Following Jordan’s trip to teach music at Unity Primary School in November/December 2015, the core PRCPTION team returned to the Trelawny parish of Jamaica this fall. In an effort to keep the energy alive after all that was accomplished last year, we gathered more information and continued researched for our Children’s Technology, Gardening & Creativity Summer Camp proposal that is currently in development for fundraising.
Take a gander at our proposal for our greater vision to return to Jamaica with a crew to have a fun and educational summer camp with Unity Primary School full of gadgets & social media, permaculture organic farming, music & video, and a whole lot of smiles.
This summer, we had the lovely opportunity to spend time in rural Bulgaria with Julie and an amazing group of people, young and old, from all around the world. Summer Skill-share for all ages in Voditsa, Bulgaria is a week-long project to bring people together for arts, crafts, music, dancing, meals, and a whole lot of fun.
Skillsharing Workshop in Bulgaria
In this 15-minute short documentary, learn the origins of the community skillshare in Bulgaria, how the participants and core team have come together over the years, and see the various activities that the group of children and adults get themselves into over the week.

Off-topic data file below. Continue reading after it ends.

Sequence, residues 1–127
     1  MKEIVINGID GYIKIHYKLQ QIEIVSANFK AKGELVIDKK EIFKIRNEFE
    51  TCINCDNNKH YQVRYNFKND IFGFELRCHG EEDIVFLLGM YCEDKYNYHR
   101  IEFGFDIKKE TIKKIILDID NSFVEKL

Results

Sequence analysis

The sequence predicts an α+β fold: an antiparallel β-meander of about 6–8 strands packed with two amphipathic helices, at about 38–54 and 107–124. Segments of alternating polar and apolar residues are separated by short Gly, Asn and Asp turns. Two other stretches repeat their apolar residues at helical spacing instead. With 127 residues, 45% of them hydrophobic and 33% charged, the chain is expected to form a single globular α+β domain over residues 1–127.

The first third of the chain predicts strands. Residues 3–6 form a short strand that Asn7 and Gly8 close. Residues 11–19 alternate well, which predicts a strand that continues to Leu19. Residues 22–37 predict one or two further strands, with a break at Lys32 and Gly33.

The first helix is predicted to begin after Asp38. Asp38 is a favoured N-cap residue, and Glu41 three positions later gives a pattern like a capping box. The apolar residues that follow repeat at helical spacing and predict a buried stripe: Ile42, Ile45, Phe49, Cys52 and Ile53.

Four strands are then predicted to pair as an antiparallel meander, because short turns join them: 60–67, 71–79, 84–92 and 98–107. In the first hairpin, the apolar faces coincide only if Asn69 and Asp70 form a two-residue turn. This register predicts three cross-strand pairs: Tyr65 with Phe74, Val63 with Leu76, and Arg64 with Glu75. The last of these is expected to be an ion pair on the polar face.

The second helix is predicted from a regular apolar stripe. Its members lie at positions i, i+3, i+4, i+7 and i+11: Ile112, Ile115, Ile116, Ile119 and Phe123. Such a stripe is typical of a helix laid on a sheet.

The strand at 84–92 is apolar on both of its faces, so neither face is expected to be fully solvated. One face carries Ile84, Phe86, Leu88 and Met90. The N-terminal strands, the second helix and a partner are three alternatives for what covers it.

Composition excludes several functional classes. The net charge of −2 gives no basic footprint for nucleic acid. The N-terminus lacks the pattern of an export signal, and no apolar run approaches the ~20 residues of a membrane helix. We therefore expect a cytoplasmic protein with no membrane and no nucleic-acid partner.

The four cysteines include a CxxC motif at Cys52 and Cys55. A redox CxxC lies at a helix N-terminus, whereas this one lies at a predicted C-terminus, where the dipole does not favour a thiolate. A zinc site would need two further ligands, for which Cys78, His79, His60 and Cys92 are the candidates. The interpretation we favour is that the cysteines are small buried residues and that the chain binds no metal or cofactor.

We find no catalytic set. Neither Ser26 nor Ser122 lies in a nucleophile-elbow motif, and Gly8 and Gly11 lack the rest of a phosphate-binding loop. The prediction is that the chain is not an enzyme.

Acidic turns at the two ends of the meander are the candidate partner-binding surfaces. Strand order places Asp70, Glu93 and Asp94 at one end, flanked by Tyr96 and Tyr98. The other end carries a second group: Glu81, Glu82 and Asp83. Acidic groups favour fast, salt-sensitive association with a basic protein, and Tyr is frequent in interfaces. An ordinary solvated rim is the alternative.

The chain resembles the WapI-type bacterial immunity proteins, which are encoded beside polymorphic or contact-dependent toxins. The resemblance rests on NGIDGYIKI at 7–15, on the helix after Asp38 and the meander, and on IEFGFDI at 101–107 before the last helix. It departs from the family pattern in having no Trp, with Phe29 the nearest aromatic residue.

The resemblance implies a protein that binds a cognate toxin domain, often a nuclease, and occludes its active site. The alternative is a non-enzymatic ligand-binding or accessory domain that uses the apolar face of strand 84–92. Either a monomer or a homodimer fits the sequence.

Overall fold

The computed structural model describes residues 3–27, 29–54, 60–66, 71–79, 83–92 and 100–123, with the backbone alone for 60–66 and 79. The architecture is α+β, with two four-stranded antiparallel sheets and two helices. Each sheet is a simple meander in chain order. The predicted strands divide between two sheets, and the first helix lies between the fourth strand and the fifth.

Be in Contact for the next Voditsa Summer Skillshare
We spent a lovely week with the Grow Paradise winter session crew this January. On the big island of Hawaii, Anthony Anderson leads a group of like-minded reality creators to inspire paradise creation, right here on earth.
Paradise Creation with Anthony Anderson
This video is a taste of what the permaculture-themed, “grow paradise” gathering is all about–follow along with Anthony if you’re interested in attending the next session!
Our first evening at the Anna Purna community house and donation-based restaurant in Sanur, Bali was ripe with an all-night jam session, an open buffet of organic, MSG-free vegetarian Indonesian cuisine, fresh jamu (turmeric, lime, tamarind and brown sugar), and a whole establishment worth of smiles and strangers sitting together.
Speaking with Ben, its founder, he told us a bit about his philosophy of love, community, and respect for the earth, the embodiment of these values acting as Anna Purna’s intention to help spread awareness of the issues afflicting Bali in the present day.
Destructive Tourism in Bali
Bali, Indonesia currently suffers from destructive tourism, seen from many angles and experienced in many ways. as one way to put it. When once it may have been a beautiful island paradise, rich in culture, cuisine and heritage, now what most visitors see is a polluted hotel, bar and shopping land littered with little slopes of sand leading into the Australian surfer-infested waters. Still a nice place, but blatantly clear that if nothing changes, this place may as well sink into the ocean before its contemporary, Western-influenced culture implodes on itself.